The Great Outdoors
10 Aug 2020

STEM’s Greatest Teacher — The Outdoors!

Believe me, you will find more lessons in the woods than in books. Trees and stones will teach you what you cannot learn from masters. – St. Bernard of Clairvaux

I was fortunate enough to spend this 4th of July at a small cabin with my family. The cabin was seated near a small lake and surrounded by walking trails. It was the perfect place for a quiet getaway, and I was very much looking forward to a quiet holiday weekend where I could rest, relax, and reflect on the coming year. Then I remembered my niece and nephews were also in attendance.

Those of you with children know they are not much for quiet contemplation. They wanted to get out and explore, and that’s precisely what they did. One nephew took to collecting frogs while another went searching for cool rocks. My niece wanted to learn about the different birds visiting our feeders, while the youngest became fascinated with the wildflowers surrounding the house. And with these activities came questions, questions, questions!

Nature’s Classroom

In many ways, our family vacation became one great learning opportunity. We learned about the life stages of a frog, and the difference between reptiles and amphibians. We discovered that a hummingbird’s heart beats 1,260 times per minute, and that they help pollinate wildflowers. Also, rocks can be shaped by running water. All this from an afternoon’s observations and wonderings.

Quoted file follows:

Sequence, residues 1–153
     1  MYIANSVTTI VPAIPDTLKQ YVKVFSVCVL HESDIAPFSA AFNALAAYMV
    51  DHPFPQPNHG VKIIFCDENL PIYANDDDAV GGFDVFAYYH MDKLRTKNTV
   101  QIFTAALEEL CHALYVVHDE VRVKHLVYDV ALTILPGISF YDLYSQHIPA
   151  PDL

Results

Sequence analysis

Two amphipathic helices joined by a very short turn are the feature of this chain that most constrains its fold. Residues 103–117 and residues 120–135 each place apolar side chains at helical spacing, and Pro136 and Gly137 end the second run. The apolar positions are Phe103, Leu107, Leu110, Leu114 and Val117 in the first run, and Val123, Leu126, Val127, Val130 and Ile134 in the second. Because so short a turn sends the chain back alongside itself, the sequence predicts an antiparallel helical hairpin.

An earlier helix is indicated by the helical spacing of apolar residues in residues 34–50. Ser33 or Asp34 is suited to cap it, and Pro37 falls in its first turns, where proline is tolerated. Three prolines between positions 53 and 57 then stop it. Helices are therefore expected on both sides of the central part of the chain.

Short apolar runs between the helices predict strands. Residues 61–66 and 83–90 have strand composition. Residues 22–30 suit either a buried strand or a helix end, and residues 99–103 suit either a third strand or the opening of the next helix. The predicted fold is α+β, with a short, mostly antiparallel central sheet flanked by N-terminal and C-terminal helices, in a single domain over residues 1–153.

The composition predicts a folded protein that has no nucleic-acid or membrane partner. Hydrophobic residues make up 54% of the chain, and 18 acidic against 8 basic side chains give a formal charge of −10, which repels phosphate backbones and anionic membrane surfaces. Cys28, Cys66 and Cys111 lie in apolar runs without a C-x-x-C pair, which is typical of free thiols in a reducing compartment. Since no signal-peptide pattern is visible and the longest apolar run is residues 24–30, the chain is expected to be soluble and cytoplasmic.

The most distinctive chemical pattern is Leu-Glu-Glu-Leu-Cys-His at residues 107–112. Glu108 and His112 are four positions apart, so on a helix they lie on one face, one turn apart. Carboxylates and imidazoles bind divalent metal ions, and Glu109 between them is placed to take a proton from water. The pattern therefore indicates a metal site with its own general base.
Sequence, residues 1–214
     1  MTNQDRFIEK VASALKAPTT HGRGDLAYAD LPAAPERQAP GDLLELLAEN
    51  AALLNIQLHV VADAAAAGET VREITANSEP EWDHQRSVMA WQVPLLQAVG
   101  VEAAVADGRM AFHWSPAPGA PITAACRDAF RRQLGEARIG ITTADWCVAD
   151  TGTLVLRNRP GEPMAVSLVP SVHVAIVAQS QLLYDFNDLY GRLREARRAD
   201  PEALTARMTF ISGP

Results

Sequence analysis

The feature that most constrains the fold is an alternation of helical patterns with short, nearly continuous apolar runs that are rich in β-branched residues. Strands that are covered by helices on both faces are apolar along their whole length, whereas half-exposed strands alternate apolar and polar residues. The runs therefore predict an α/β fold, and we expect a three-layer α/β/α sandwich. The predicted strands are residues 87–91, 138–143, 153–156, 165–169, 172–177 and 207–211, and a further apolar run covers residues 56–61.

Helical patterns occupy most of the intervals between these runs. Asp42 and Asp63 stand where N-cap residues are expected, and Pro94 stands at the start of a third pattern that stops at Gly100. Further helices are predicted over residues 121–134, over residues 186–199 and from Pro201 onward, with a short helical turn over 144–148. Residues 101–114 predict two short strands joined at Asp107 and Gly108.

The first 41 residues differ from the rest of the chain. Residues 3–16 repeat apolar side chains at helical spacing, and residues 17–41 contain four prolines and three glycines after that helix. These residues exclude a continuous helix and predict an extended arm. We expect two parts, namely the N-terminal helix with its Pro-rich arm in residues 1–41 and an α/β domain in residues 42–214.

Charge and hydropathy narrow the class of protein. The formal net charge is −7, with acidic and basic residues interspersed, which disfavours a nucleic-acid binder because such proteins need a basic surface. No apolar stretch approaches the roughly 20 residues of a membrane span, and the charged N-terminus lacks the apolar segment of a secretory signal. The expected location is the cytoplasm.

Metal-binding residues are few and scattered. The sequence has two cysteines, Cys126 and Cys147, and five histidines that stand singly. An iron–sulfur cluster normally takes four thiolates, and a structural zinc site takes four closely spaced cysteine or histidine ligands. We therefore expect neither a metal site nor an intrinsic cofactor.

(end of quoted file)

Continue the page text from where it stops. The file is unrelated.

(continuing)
I think we as educators underestimate how useful nature is at teaching STEM. We’re so used to instructing students within our classrooms that we forget the woods and rivers have their own lessons to share. Now that COIVID-19 has radically altered the way we teach, it might be time for our students to explore the great outdoors. But where do we begin, and how do we keep our students focused on the task at hand? With help from Edutopia, here are a few methods for navigating STEM in nature!

Into the Wild
  • Choose a Habitat: Take students to a nature trail and have them explore a habitat that appeals to their nature (no pun intended). Nearby parks often have many to choose from: ponds, meadows, trees, etc. Once they’ve made their decision, have them observe the habitats and write down their observations. What animals did they see? What did they notice about the plant life? How much sunlight does this area receive?
  • Brainstorm Questions: Once they have their observations, encourage them to share their thoughts and wonderings. Don’t worry if these questions veer off topic either. Writing for Edutopia, Koshi Dhingra states, “It is important to model and discuss brainstorming so that they are free to ask questions without worrying about how they are connected to math, science, or STEM.
  • Share the Awesome: Have students expound upon their questions through project-based learning. If you want to teach students the value of conservation, consider having them investigate whether the plants and animals they saw are native to their home state. On the other hand, you could also have them record their questions in a letter and share them with a senior friend. The possibilities are endless!
Time for Some Fresh Air

Classrooms may change, but nature is the timeless educator. The world of STEM is all around us, brimming with both creativity and practical knowledge. A walk through the woods might just give students the comfort and experience they need in the new semester. Just remember to tap into their innate wonder and give them the opportunity to observe, question, and marvel!

We hope you are all staying healthy and safe during this difficult time. For more free educational resources, or ideas on how to promote healthy Social-Emotional Learning, simply follow this link!